Transitioning from a regular diet to one consisting solely of vegetable foods has its challenges.
As more students reflect their values in their dietary choices, vegetarianism is becoming commonplace. The trouble is, school cafeterias are not quick to adopt acceptable options for those opposed to eating meat or meat products.
Moral, ethical, and environmental issues all impact the decision many youths are making to omit meat from their diet. There’s also the health concerns over hormone-injected animals that find their way to our dinner plates. In view of this, meat consumption among college students is declining, with some going strictly vegetarian, and others becoming ‘flexitarians’ or semi-vegetarians.
Transitioning from a regular diet to one consisting solely of vegetable foods has its challenges. This is especially so for students who lead a busy life socially and academically. Typically prone to grabbing fast food or relying on a menu of fried foods at the school cafeteria, students who decide to go vegetarian have their work cut out for them.
This usually entails packing their own lunch, including lots of small snacks that can deliver the calories needed to maintain sufficient energy levels. Some vegetarians and vegans suffer from lower than recommended levels of protein, calcium, vitamin D, iron, and vitamin B-12.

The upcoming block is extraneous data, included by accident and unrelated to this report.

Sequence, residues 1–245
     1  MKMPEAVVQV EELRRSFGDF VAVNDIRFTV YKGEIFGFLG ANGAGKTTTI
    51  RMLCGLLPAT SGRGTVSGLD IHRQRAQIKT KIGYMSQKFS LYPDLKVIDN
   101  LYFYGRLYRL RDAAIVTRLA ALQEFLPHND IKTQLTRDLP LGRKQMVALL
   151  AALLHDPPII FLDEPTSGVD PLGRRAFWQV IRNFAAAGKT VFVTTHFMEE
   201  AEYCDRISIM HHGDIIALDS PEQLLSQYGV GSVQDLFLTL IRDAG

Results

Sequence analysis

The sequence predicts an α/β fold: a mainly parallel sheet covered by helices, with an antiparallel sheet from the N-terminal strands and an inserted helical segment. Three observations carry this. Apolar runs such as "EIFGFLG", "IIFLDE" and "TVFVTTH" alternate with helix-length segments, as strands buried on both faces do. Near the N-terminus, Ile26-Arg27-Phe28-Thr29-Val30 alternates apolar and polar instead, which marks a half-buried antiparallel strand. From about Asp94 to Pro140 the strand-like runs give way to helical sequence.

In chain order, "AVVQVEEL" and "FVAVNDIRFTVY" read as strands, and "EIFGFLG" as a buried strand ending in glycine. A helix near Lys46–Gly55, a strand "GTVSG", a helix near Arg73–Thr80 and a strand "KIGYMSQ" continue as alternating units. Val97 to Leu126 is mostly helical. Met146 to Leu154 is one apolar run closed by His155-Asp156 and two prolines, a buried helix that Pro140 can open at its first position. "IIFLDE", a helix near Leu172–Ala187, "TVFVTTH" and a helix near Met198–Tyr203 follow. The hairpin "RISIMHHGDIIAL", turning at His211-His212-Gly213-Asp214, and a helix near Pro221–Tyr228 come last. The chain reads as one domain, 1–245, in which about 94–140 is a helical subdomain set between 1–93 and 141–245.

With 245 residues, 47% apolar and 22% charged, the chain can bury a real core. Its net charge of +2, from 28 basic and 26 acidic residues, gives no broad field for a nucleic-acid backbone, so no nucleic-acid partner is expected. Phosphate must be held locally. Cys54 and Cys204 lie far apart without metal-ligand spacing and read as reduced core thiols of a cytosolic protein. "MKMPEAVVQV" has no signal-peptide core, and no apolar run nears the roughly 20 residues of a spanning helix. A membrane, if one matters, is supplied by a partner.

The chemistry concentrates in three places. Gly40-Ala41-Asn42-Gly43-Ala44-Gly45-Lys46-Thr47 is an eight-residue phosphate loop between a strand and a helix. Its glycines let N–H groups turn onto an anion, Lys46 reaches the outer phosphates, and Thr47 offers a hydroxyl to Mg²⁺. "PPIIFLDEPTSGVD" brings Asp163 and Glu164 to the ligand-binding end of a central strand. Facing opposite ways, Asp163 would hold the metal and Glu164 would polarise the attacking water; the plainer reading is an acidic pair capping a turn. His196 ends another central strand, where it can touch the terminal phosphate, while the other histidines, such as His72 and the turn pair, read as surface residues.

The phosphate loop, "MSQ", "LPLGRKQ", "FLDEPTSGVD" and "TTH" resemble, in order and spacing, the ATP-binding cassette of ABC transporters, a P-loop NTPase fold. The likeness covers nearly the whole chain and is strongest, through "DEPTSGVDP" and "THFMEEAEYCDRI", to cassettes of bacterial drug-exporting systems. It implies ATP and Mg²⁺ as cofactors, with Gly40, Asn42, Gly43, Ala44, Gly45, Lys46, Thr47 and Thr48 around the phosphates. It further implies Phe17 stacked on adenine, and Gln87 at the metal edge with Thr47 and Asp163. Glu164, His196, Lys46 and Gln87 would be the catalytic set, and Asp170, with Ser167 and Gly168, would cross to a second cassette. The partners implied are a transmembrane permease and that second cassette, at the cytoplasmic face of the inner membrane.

5 Essentials for Vegetarians
Fortunately, protein is found in both plant and animal foods, so even if you’re vegetarian, it doesn’t mean you have to go without. Good sources of plant protein include peas, nuts, seeds, whole grains, lentils, beans, and tofu. Eggs and dairy products are also excellent sources of protein, if you have no objection to consuming them.
Vegetarians can get their recommended amount of calcium if they consume dairy products like milk, yogurt and cheese. Total vegetarians or vegans will have to look to dark, leafy greens such as spinach, kale, or bok choy, or else try calcium-fortified cereals or soy milk.
3) Vitamin D
Exposure to sunlight or consuming dairy products that have been fortified is how most people get vitamin D. If dairy products are not part of your diet and you do not get regular esposure to sunlight, you may want to consider taking a vitamin D supplement.
Some plant-based foods that will boost your iron intake include dark green vegetables like broccoli and spinach, pumpkin and sesame seeds, dried fruits, and fortified breads or cereals. Even cooking in cast-iron pots or pans will help. Eating foods rich in vitamin C will help your body absorb iron.
5) Vitamin B-12
Here’s another vitamin produced mainly by animals, so vegetarians who eat dairy products or eggs will get sufficient amounts through these foods. Vegans should consider using a soy milk with added vitamin B-12 or take a vitamin B-12 supplement.
Below are some tasty snack ideas for students going vegetarian:
- Rice cakes
- Nut spreads like peanut butter or almond butter
- Whole grain breads and crackers
- Fruit, canned or frozen
- Soups like lentil or minestrone
Just remember, the key to any healthy diet is to be balanced, to eat a wide variety of foods, and to make sure you take in the correct amount of calories for you personally.